Though many of Columbia's 90,000 residents are devout in their love for the planned community, with its carefully maintained homes, man-made lakes and abundant amenities, some have admitted to being gnawed by the lack of something central, even vital.

Something like the vibrant, seemingly magical Town Center discussed by the planning team hired by developer James W. Rouse when this community began to rise from 14,000 acres of Howard County farmland more than 40 years ago.

Those early planners envisioned a place of fresh air, market stalls, sun-dappled walkways and cafes at the center of Columbia. They likened it to Tivoli, the sparkling pleasure garden at the heart of Copenhagen. The Rouse Co. was primarily a builder of shopping centers, however, and what Columbia ended up with was a suburban shopping mall, ringed by an asphalt parking lot.

"The money guys won out," said William Finley, a developer in Florida and a member of that original team.

But the desire for a real Town Center -- perhaps even a Tivoli -- has endured. And yesterday, an estimated 300 residents, business leaders and advocates gathered around huge paper maps spread out on cafeteria tables at Wilde Lake High School to see whether they could recapture the urbane magic of those early visions for Columbia's Town Center.

"Where is the Metro stop going to be?" asked Oakland Mills resident Brenda Graham, a marketer and retired nurse.

Joel Broida hoped for a community garden, Joann Stolley for a Jewish deli.

Armed with colorful cards depicting farmers markets, tree-lined avenues and public transit lines, coached by a team of urban planners hired by Howard County, the volunteer visionaries embarked upon an intensive, week-long process known as a charette, a creative workshop with the goal of developing a tangible master plan for the lively, colorful, walkable downtown that Columbia has been waiting for all these years.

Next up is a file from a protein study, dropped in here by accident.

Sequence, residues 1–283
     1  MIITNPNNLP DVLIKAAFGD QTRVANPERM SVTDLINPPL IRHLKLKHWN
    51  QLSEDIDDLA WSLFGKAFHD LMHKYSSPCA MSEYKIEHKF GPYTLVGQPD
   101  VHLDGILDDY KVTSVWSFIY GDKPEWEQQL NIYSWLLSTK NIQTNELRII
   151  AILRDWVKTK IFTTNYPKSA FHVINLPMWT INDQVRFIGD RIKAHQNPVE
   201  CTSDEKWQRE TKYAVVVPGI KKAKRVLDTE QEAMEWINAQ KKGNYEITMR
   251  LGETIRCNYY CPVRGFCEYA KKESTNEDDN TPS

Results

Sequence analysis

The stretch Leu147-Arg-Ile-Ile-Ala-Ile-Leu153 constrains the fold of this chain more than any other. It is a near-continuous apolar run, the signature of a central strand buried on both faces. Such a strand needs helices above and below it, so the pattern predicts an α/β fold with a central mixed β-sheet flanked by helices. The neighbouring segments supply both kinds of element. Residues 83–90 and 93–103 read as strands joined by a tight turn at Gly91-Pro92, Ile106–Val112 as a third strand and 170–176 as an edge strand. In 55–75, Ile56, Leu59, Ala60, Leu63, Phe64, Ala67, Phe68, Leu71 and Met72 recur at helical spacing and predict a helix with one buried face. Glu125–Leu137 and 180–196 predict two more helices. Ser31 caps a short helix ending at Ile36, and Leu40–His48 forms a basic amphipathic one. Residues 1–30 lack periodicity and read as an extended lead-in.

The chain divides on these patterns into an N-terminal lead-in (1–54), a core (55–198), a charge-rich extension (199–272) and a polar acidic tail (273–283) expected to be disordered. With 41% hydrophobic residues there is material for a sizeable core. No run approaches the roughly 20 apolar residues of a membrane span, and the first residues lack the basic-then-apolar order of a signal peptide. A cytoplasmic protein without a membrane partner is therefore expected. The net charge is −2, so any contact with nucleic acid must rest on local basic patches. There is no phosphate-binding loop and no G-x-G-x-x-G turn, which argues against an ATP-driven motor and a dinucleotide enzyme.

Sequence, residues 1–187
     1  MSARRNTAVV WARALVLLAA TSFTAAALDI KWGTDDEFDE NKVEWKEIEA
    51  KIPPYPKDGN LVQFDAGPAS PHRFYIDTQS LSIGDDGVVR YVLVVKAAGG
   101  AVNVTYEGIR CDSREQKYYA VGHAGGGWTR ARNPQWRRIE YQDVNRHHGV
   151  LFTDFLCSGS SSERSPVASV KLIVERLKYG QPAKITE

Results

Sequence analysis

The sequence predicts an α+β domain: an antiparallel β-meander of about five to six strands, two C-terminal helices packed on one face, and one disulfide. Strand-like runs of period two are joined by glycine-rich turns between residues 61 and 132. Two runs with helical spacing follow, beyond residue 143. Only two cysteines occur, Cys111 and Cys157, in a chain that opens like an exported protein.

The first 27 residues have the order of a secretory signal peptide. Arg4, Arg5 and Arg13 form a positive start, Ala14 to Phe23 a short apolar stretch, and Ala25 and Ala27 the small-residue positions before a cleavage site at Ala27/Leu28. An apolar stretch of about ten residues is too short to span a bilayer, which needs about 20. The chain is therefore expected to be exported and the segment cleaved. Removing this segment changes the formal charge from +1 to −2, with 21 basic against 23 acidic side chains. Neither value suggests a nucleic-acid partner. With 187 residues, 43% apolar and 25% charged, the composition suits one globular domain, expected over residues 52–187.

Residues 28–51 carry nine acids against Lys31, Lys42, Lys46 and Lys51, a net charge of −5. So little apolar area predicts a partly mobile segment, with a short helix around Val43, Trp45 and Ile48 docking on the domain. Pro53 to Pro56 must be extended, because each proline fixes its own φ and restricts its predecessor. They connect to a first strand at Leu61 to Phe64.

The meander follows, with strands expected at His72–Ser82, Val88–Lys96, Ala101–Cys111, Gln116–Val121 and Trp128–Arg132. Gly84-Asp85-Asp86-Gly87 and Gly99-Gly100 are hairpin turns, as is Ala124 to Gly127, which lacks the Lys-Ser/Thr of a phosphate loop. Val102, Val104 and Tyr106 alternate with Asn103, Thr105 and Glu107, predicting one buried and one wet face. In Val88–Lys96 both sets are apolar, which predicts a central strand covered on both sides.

"I feel our downtown is a parking lot. . . . I want to think past the black hole," said Mary Kay Sigaty, a school board member who lives a few blocks from the mall, hunkered over a map. She exhorted the other members of her team to think about how Howard County could look in 20 to 30 years.

"This is and should be the urban core of Howard County," Sigaty said.

Many spoke of the need for safe handicap-accessible walking routes.

The man-made Lake Kittamaqundi, originally envisioned as the true center of Columbia, is separated from the mall by the parking lot and busy Little Patuxent Parkway (Route 175). Isolated too are other elements that could contribute to a real town center; the venerable Merriweather Post Pavilion concert venue, the parklike Symphony Woods, a library.

"We have some of the pieces," said County Council member and Zoning Board Chairman Ken Ulman (D-West Columbia).

They need to be connected somehow, into something richer, he said. Plans hinge upon the future of the last large undeveloped parcel of land at town center -- 51.7 acres left at the center of town near the concert amphitheater, known as the Crescent property.

The land is owned by General Growth Properties Inc., which acquired Rouse last year. When the giant Chicago-based developer took over, it proposed downsizing Merriweather Post Pavilion and building high-density housing on the Crescent property.

In response to community opposition, the developer revised its original proposal, presenting instead a design that would retain the amphitheater and make it the center of new development including housing, retail, office and commercial space. That plan will go into the mix, county officials have said.

"There was supposed to be a Tivoli. . . . a really special place," Ulman said. "I don't think we have that now."

Yesterday, Ulman walked through the room, beaming, as tables full of people spun out their dreams for energy-efficient senior housing, new sidewalks and maybe a bakery.